No substance, which has ever caused cancer in animals, is permitted in foods. Aminotriazole was a weed killer found in cranberries when Richard Nixon was running for office. It was known to cause cancer in animals when fed in very large amounts. Mr. Nixon ate cranberries whenever convenient while campaigning in Wisconsin. His advisors probably told him that aminotriazole caused cancer because it inhibited thyroid hormone release causing excess TSH stimulation and occasionally caused cancer in animals. Carcinogens had long been considered harmful in any dose assuming no threshold below which the substance was acceptable. But if aminotriazole was present in a sufficiently low dose to cause no thyroid stimulation to occur, no harm could result since it is not a carcinogen on contact. Similar tiny amounts of aminotriazole are normally present in cabbage and cause no goiter or cancer. So don’t hesitate to eat cabbage. Chalk one up for “Tricky Dick”.
John A. Frantz, M.D.
Psychosis is a symptom, not a diagnosis. Compare with fever, which is a prominent symptom of many illnesses. Schizophrenia is a very common cause of psychosis. Alzheimer’s disease is an example of another disease that also occasionally causes psychosis. Patients with either of these diagnoses might hear voices that the rest of us cannot hear. When we give an anti-psychotic medication, which suppresses the symptom, we have not cured psychosis. Aspirin might suppress fever in the presence of pneumonia, but it never would enter our minds that we had cured the pneumonia.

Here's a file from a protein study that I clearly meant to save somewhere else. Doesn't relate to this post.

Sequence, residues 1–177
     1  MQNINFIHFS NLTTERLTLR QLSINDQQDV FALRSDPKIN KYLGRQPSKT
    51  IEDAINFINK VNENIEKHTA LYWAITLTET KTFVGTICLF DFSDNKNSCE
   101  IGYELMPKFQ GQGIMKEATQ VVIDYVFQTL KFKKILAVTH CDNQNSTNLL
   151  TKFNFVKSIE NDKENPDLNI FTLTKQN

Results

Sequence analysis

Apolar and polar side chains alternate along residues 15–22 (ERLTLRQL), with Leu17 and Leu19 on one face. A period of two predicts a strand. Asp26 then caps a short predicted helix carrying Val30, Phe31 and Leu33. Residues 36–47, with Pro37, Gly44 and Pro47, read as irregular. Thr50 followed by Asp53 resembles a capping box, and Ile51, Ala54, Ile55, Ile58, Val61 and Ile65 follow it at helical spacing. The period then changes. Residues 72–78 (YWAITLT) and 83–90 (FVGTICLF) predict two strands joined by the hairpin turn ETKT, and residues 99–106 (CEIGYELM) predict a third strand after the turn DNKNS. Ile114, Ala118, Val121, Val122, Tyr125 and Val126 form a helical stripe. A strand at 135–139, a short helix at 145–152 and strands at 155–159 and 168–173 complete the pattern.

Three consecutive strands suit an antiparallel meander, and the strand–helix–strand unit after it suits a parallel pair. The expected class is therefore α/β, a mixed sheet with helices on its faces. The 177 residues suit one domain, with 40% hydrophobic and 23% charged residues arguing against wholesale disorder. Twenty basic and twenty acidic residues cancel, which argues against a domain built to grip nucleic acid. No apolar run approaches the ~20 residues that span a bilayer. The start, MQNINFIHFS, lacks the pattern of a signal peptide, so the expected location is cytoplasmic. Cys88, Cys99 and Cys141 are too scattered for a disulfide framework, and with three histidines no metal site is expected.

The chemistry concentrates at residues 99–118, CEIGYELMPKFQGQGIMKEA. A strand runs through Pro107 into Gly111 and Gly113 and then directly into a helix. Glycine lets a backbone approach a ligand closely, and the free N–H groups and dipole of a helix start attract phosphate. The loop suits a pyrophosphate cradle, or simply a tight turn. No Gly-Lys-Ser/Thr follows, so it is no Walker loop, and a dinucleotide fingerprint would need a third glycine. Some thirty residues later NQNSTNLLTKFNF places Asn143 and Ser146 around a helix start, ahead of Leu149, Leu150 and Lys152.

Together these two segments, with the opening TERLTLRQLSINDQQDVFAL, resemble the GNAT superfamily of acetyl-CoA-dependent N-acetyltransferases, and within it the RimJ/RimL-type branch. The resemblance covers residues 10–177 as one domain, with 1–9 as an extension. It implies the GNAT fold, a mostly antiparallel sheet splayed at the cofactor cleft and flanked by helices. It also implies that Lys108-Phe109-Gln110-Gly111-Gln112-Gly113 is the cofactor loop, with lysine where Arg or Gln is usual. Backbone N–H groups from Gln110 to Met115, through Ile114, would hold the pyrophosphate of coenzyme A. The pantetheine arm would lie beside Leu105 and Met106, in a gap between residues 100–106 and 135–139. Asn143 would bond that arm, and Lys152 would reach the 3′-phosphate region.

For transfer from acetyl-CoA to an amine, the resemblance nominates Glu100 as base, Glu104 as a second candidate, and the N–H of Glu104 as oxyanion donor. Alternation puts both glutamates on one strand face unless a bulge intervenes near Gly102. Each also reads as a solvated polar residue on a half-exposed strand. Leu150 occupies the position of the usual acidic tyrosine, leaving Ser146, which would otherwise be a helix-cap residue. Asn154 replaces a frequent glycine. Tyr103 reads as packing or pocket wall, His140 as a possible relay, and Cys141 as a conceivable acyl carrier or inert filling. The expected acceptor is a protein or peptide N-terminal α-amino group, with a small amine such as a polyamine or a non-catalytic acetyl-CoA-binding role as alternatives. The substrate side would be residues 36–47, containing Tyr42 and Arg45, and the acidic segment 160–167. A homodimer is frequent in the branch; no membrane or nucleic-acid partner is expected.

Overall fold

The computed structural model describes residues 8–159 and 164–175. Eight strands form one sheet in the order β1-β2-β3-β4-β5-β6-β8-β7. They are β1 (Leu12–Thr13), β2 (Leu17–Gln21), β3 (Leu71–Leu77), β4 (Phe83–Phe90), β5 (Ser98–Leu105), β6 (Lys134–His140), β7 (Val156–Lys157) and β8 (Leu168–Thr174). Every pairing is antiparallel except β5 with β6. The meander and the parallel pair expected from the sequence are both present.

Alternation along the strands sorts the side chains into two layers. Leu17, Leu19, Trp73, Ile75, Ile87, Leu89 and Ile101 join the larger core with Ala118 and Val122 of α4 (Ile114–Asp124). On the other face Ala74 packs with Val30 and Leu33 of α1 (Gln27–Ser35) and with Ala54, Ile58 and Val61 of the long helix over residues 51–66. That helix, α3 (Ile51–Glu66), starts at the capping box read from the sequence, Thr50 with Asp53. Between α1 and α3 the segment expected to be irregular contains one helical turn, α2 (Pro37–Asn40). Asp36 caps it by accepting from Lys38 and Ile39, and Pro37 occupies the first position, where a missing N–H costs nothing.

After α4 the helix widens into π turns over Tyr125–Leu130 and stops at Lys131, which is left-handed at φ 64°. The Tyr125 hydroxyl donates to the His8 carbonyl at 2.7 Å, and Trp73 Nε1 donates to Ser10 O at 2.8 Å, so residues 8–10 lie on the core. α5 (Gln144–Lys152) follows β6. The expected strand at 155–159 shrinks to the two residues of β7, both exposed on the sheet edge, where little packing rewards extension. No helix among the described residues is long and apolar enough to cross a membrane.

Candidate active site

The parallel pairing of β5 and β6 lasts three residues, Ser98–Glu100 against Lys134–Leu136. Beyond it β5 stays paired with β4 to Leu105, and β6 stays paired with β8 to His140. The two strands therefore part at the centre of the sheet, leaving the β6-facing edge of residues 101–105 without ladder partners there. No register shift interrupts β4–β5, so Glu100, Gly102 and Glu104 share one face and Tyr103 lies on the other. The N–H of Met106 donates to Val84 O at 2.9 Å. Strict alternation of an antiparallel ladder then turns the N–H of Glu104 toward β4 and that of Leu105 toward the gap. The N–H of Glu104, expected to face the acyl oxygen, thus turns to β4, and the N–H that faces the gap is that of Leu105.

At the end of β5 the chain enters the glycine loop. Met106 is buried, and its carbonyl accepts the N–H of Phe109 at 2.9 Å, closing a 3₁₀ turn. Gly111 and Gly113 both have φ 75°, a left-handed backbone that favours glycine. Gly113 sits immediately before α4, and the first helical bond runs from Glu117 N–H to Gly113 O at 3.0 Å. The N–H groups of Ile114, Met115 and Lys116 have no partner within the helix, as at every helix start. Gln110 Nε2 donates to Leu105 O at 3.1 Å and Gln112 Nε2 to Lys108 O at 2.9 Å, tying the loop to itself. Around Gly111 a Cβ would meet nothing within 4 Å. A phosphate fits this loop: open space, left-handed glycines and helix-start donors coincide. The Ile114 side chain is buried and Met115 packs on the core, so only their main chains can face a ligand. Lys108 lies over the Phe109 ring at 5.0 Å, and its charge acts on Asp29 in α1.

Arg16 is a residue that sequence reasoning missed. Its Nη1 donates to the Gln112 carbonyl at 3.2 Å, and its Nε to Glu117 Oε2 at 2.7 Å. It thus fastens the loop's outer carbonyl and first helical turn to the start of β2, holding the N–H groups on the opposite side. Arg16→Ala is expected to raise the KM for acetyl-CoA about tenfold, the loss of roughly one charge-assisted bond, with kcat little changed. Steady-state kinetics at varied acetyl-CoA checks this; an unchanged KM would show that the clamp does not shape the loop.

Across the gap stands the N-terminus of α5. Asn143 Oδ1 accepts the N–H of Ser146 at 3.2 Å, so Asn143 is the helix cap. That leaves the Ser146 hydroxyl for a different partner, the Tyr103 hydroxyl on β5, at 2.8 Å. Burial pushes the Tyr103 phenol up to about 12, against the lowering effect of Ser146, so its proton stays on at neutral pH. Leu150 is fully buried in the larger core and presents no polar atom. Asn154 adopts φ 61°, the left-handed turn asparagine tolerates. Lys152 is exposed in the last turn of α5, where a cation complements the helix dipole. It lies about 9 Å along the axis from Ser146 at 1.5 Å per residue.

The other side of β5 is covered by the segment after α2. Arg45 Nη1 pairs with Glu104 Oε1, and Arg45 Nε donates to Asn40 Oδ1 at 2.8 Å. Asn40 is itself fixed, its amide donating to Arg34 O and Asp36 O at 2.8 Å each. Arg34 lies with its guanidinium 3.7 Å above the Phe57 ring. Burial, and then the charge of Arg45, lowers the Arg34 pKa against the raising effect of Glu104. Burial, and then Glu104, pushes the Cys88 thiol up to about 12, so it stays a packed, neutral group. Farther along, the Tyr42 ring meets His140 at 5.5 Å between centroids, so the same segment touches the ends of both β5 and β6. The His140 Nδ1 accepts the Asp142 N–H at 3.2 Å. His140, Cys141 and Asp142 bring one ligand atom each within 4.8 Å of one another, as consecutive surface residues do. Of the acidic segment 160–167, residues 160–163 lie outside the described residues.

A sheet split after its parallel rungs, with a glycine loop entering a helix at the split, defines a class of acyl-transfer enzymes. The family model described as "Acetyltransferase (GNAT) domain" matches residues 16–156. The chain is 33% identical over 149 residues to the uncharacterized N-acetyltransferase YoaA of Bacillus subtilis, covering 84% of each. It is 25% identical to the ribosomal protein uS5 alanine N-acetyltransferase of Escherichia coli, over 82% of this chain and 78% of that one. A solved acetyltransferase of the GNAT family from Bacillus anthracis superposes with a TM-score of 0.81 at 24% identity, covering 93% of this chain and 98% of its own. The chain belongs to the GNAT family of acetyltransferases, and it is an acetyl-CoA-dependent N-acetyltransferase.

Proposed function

An example from my professional past: When Thorazine, the first anti-psychotic drug, arrived on the market, I gave it to Alice, a long-term schizophrenic patient at the nursing home. She seemed to stop hearing voices. After a few months of this success, she and I were having a friendly conversation. I asked Alice, “Does Thorazine really stop you from hearing voices, or does it just help you not to talk about them?” She thought for a moment and replied, “Maybe it just helps me not to talk about them.” Thorazine had not helped to organize her life, so this was the beginning of the insight that psychosis is merely a symptom not a diagnosis.
John A. Frantz, M.D.